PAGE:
Alzheimer's disease

Alzheimer's disease ălsˈhīˌmərz, ôls– [key], degenerative disease of nerve cells in the cerebral cortex that leads to atrophy of the brain and senile dementia and, ultimately, death. The disease is characterized by abnormal accumulation of plaques and by neurofibrillary tangles (malformed nerve cells), changes in brain tissue first described by Alois Alzheimer in 1906. The plaques result from the release and accumulation of excessive amounts of amyloid-beta (or beta-amyloid) proteins, normal proteins whose function in the body is not known. The neurofibrillary tangles prevent transportation of synthesized products within the cell body to organelles and target sites. The plaques and neurofibrillary tangles prevent proper transmission of electrochemical signals necessary for information processing and retrieval. The plaques also suffocate neurons by inhibiting proper blood supplies from reaching them.

Alzheimer's disease usually affects people over age 65, although it can appear in people as young as 40, especially in some familial forms of the disease. A condition called mild cognitive impairment, in which a person experiences an inability to form memories for events that occurred a few minutes ago, typically is the first sign of the disease. Although other conditions may cause mild cognitive impairment, if no identifiable cause is present, it leads to Alzheimer's in some 80% of the cases. As the disease progresses, a variety of symptoms may become apparent, including loss of memory, anxiety, confusion, irritability, and restlessness, as well as disorientation, impaired judgment and concentration, and more severe emotional and behavioral disorders. Alzheimer's patients ultimately become incapable of properly caring for themselves and communicating, and may become bedridden before dying from the physical effects of the disease (such as the inability to swallow). As an underlying cause of death, the disease is almost as significant as heart disease and cancer, and death rates from Alzheimer's have steadily increased in the early 21st cent.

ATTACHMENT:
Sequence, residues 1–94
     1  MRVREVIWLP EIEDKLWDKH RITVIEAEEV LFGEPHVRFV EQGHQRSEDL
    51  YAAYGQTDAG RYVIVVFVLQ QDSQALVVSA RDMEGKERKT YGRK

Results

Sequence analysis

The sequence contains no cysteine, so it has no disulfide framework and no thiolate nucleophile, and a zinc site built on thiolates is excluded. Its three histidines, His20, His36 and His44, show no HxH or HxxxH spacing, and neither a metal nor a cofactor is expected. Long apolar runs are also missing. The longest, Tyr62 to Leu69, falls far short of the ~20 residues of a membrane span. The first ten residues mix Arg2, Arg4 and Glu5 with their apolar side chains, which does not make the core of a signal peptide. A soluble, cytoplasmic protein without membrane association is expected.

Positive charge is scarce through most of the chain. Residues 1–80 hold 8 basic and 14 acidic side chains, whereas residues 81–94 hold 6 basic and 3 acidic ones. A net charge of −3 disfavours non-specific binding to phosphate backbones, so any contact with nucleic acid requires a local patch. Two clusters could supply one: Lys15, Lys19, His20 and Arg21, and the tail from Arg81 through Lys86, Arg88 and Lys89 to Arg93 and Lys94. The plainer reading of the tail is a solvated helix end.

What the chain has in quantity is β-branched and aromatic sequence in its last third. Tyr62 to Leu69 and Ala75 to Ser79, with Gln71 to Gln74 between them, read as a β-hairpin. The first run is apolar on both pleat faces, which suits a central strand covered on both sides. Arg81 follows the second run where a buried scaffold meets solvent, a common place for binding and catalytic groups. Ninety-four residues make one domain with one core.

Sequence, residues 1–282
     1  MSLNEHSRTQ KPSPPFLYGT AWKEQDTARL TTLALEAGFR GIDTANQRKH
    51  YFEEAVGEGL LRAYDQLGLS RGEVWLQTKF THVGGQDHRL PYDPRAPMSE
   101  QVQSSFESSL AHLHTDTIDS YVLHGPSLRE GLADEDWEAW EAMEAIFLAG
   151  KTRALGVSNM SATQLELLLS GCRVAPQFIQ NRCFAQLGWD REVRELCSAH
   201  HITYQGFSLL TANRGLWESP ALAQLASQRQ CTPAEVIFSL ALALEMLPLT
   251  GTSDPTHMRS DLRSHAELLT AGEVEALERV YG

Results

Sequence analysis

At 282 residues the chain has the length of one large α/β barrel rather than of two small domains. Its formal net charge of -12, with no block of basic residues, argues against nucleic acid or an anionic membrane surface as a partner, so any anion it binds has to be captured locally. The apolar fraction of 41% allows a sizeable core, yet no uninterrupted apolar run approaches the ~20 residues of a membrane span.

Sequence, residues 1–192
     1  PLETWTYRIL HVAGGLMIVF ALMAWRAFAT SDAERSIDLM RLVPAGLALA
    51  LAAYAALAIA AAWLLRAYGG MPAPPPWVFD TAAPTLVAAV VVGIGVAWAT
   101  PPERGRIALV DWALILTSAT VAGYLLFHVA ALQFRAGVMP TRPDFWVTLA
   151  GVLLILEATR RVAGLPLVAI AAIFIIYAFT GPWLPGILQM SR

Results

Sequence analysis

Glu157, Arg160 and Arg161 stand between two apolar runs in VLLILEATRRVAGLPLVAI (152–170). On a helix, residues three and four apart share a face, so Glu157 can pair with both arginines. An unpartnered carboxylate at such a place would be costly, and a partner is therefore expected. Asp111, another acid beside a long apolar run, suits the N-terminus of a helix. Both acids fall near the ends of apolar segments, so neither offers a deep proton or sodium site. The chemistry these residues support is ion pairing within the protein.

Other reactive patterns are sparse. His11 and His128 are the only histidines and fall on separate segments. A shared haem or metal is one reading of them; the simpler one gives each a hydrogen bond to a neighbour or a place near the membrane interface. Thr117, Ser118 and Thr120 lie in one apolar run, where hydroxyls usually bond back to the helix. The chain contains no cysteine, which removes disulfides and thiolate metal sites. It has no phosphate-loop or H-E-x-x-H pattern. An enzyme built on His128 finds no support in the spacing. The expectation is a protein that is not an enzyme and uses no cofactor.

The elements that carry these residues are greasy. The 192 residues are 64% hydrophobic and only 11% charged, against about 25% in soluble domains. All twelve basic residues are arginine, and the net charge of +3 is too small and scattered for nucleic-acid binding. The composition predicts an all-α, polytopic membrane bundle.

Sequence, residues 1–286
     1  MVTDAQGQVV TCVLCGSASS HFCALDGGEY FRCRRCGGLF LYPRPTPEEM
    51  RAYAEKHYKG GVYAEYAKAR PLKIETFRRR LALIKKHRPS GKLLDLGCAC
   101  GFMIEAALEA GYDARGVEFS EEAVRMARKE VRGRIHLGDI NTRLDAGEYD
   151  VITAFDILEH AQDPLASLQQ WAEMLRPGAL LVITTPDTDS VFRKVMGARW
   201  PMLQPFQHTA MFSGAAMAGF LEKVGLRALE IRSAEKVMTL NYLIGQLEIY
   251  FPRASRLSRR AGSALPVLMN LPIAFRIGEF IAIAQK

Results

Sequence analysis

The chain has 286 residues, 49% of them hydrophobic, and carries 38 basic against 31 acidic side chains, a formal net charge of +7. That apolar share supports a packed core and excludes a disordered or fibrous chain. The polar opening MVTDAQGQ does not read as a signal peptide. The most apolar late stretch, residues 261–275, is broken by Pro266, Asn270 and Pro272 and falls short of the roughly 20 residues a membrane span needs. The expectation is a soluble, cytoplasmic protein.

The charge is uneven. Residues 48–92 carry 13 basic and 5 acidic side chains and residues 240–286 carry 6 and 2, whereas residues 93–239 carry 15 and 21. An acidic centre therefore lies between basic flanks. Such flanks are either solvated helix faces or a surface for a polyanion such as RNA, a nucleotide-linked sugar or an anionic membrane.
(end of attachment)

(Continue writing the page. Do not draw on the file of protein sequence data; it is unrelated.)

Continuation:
The cause of Alzheimer's is unknown, but a number of genes appear to be associated with the disease. Mutations in a gene on chromosome 21, which is also associated with Down syndrome, and another gene on chromosome 14 have been found in early-onset cases. Late-onset cases, which are the vast majority, may be caused by a combination of genetic and environmental factors. In 1999 scientists discovered an enzyme, named beta-secretase, that begins the process in the brain leading to Alzheimer's disease. One study has suggested that the buildup of amyloid-beta protein in some patients is due to slower than normal clearance of the protein from the brain.

There is as yet no known cure. Genetic screening for families with a history of early Alzheimer's is sometimes advised. Treatment includes relieving the patient's symptoms and alleviating stress on caregivers through support groups and counseling services. Donepezil (Aricept), rivastigmine (Exelon), and other acetylcholinesterase inhibitors provide temporary improvement for some patients with mild to moderate Alzheimer's. Memantine (Namenda), which appears to protect against damage from the effects of excess glutamate, slows the progression of the disease in some patients in the late stage of Alzheimer's.

See study by D. Shenk (2001).

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